Editor’s Thoughts: A Philosophical Approach
As a result of its gruesome explication in the liturgies of Yom Kippur and Tish’ah be-Av, the death of R. Hanina ben Teradyon, one of the Ten Martyrs, is a widely known story. A version of this aggadah, recorded in the Sifrei Devarim,[i] describes that when it was decreed that R. Hanina ben Teradyon would be burned with his sefer Torah, his wife executed, and his daughter forced into hard labor, each family member recited a different scriptural verse of tsiduk ha-din, justification of the Divine decree.[ii] Immediately after the execution, a surprising character makes an appearance: the philosopher. He stands up before the Roman officials and declares, “Do not be brazen enough to think that you have burned the Torah, for it has returned to the place from which it came, to the house of its Father.” This is an odd remark for a philosopher—it hardly addresses any looming metaphysical, epistemological, or ethical issue.[iii] Rather, it is a claim to bolster religious confidence, much the type of claim we would expect from a rabbinic figure.[iv] Moreover, it is the rabbinic figure (and his family) who pronounces the most philosophically attuned statement of the Midrash, the one that addresses the moral perfection of God in affirming Divine justice. What, then, is the role of the philosopher if not to, well, philosophize?
One approach to answering this question would be to deny the premise; perhaps the philosopher really is making a profound statement, and it is up to the reader to decode the message. Chaya Halberstam, for example, looks to the end of the aggadah, where the Romans announce the execution of the philosopher for his statement defending the Torah. The philosopher declares that these are good tidings, for his share will be in the World to Come along with the martyred rabbi. Halberstam understands the philosopher as making a statement about God’s power and justice—“God…appears to have lost control of the wickedness of his human creation, but he compensates for it by effecting true justice in the heavens.[v] The philosopher, then, is countering the tsiduk ha-din of Rabbi Hanina ben Teradyon by claiming God did not act righteously and could only make up for it after the fact.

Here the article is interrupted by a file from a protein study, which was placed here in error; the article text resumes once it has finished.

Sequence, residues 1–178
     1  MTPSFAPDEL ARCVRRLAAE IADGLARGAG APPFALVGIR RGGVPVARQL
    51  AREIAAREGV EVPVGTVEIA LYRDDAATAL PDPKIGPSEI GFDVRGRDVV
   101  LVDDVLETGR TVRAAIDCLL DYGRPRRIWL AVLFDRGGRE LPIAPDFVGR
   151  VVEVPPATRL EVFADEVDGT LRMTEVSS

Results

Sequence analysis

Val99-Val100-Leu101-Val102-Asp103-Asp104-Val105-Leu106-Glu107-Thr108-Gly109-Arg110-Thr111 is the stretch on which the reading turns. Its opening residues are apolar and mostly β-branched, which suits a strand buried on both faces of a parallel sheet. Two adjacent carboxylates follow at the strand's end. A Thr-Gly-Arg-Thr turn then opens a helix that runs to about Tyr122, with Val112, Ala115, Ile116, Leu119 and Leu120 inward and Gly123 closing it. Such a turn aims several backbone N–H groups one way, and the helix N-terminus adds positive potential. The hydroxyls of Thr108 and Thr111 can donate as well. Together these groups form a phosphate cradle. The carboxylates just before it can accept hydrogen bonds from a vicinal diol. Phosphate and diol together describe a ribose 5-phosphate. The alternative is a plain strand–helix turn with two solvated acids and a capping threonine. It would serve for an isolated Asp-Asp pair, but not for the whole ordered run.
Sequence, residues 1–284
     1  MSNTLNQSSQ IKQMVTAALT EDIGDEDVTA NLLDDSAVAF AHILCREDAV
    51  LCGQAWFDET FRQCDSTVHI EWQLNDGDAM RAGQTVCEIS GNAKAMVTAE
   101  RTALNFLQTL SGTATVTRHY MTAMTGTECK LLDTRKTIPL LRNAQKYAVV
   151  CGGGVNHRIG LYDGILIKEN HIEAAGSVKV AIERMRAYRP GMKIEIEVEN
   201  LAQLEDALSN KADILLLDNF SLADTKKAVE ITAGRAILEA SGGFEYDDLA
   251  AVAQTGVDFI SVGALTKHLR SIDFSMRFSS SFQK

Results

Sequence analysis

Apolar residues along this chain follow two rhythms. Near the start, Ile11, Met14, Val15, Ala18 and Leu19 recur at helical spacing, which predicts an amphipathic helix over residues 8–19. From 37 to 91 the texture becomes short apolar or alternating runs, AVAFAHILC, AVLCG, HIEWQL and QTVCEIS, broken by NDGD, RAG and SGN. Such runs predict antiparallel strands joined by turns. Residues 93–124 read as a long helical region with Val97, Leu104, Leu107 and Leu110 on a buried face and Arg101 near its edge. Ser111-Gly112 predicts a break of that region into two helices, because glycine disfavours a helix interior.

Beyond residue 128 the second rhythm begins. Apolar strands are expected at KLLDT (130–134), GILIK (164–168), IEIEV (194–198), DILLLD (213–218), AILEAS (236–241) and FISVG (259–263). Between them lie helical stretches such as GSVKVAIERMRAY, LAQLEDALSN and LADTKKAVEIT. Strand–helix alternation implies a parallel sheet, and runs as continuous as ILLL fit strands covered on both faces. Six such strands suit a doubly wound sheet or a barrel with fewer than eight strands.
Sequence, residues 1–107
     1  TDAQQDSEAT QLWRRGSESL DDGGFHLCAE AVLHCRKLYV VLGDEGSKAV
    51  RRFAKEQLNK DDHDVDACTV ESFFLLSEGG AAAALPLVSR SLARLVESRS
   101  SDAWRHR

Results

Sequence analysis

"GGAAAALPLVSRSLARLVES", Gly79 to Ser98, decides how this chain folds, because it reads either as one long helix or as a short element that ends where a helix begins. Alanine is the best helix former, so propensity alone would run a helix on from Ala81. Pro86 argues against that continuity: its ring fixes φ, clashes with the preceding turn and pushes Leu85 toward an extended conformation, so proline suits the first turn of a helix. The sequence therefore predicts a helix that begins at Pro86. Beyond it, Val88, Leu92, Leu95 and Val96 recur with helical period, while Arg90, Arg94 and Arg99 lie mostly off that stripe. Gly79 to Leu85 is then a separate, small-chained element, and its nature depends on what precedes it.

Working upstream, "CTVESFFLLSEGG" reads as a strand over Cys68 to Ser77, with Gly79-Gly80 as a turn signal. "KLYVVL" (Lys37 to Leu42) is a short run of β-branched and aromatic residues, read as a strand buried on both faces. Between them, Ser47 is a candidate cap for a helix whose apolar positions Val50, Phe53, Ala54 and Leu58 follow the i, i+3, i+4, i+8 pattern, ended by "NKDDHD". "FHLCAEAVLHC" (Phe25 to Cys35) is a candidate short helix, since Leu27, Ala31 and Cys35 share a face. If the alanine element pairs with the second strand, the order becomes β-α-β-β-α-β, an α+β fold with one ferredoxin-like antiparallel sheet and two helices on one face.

A second approach is to acknowledge the oddity and then explain the literary brilliance behind it. Perhaps the Midrash wants to convey that the rabbis had a greater understanding of God’s ways than that of a Roman. Or maybe we would expect that the Romans would be more likely to listen to one of their own sages than to a Jew, and the Midrash is emphasizing that the expression of the idea of an amaranthine Torah is foul enough to these heathens that they would even kill one of their own. The possibilities under this approach are many.
As a third approach, the reader, unable to craft a response, would simply catalogue the question and move on. After all, alternate versions of this aggadah in Avodah Zarah 18a and Semahot 8:13 omit the philosopher entirely.
A final approach would insist that we are misunderstanding the character in our aggadah. The previous approaches were predicated on the expectation that the philosopher’s job is to philosophize. What if the term “philosopher” has other connotations? In Shabbat 116a, Rashi understands that this character is a min, or infidel.[vi] Inserting this understanding into the Sifre, the story then highlights the conversion of this infidel to the belief system that will gain him access to the World to Come.[vii]